Among the benefits there is the so-called “scale” for the Area of Permanente Protection (the smaller the property, the smaller the area near water bodies that needs to be preserved), amnesty to illegal deforestation before 2008 – which has its own legal regime under the Forest Code through the definition of consolidated areas. Only those who register within the deadline can enjoy those benefits.
What are the risks to Brazil’s image when there is such a piece of legislation under debate?
The Government has been marketing agro-production and new markets abroad as if the Forest Code were in full steam. So, such a proposal is contradictory.
This movement is seriously damaging to the image of a country that wants to build the idea of credibility and seriousness abroad in regards to sustainable production issues.
Five years after the signature of the new Forest Code, the Supreme Court has finally started discussions to set a trial date of four Direct Lawsuits for Unconstitutionality filed by the Federal Prosecutors and one Declaring Action for Constitutionality filed by the Progressive Party (PP).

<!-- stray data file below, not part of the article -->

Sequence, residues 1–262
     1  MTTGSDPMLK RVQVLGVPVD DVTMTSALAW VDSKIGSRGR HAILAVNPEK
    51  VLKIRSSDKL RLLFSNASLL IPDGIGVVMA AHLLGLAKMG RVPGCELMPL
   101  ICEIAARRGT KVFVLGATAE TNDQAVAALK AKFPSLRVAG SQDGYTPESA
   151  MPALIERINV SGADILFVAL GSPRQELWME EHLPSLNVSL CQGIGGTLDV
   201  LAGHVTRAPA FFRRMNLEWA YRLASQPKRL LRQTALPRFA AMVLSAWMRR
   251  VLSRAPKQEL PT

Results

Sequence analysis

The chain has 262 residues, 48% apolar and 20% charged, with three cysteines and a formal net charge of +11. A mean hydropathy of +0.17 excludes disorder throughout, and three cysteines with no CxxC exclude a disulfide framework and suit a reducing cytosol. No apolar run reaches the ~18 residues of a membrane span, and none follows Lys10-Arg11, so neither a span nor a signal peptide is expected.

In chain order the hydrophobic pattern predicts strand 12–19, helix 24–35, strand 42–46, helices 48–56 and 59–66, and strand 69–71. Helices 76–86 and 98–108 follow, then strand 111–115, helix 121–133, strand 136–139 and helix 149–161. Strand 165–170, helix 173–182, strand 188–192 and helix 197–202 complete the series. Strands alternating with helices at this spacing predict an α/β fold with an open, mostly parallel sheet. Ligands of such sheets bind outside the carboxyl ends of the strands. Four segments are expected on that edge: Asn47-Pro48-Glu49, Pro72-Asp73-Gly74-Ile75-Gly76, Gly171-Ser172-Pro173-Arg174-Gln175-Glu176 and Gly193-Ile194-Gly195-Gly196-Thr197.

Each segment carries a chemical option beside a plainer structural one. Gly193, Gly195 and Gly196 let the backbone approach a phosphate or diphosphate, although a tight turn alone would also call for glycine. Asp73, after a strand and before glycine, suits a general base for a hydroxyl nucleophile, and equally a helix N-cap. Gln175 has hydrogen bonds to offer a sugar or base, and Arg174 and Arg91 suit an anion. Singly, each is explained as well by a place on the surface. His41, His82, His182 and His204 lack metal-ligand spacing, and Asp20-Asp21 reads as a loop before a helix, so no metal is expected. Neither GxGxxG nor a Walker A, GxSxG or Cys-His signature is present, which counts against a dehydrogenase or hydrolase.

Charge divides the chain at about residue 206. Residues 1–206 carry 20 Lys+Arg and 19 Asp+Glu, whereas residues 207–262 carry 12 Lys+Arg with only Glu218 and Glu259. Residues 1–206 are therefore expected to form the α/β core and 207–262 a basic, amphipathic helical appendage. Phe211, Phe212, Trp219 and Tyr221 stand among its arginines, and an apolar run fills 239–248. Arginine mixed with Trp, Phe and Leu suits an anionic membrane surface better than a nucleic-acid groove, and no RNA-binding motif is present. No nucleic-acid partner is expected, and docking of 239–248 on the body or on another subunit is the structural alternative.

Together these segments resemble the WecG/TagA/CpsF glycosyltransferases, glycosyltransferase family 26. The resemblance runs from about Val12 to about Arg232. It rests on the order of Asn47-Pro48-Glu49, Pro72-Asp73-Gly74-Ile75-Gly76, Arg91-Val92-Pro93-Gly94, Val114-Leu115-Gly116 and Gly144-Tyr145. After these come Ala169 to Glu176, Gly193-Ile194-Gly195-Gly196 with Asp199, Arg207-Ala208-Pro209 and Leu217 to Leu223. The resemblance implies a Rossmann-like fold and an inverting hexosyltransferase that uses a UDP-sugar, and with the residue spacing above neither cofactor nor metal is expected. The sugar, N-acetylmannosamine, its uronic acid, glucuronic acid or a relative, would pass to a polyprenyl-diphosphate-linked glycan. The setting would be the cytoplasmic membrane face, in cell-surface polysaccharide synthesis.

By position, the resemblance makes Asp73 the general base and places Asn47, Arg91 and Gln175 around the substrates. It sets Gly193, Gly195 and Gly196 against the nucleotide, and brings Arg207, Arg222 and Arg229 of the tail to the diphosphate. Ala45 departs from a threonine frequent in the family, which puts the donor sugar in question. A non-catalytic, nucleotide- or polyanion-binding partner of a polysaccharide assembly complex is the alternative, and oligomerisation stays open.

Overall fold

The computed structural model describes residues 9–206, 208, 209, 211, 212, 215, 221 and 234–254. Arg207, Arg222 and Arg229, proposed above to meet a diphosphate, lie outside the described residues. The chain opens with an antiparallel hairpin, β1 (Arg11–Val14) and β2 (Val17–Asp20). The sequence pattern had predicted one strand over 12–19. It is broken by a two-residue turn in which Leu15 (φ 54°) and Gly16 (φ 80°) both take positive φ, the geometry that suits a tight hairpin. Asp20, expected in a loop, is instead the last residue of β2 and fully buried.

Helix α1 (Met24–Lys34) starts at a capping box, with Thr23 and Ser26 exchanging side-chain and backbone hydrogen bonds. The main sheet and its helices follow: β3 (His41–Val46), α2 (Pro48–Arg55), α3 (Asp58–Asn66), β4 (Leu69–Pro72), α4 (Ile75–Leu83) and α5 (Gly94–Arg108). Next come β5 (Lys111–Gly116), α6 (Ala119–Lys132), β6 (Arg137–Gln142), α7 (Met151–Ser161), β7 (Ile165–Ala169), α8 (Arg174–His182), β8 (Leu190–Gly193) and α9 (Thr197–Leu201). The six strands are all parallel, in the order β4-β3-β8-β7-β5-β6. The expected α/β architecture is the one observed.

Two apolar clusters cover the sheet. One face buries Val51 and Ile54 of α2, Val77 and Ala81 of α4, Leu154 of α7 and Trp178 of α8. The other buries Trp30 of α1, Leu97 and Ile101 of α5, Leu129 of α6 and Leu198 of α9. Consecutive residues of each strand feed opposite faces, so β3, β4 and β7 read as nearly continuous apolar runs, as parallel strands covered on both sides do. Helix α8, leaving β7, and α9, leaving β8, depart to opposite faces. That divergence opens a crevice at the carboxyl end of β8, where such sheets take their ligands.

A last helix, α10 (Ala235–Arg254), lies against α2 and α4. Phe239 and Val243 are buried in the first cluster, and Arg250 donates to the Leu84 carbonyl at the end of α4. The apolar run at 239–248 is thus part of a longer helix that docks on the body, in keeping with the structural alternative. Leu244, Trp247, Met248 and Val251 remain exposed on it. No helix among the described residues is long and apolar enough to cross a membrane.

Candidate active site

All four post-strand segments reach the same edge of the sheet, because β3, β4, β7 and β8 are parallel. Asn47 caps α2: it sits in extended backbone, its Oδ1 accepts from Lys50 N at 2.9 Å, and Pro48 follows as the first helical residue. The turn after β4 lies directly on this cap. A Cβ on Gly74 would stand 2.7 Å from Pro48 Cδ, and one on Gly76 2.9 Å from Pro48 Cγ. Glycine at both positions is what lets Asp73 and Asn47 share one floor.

How can the Supreme Court’s decision on the validity of the Forest Code affect the Code implementation?
There is some legal uncertainty as the Forest Code is under scrutiny, as it is happening now, and this will persist at least until the trial.
This means some groups related to agro-businesses may feel insecure to be more assertive towards regularizing its properties, such as investing in recuperation or compensation.
If the Supreme Court’s decision does not come fast, there may be a slowdown in the implementation of crucial parts of the Code, exactly when we needed to speed them up. The Forest Code Working Group defends the trial should happen as soon as possible. We really like the fact that the issue has been set in the Supreme Court’s agenda and we hope the decision will come in the future weeks.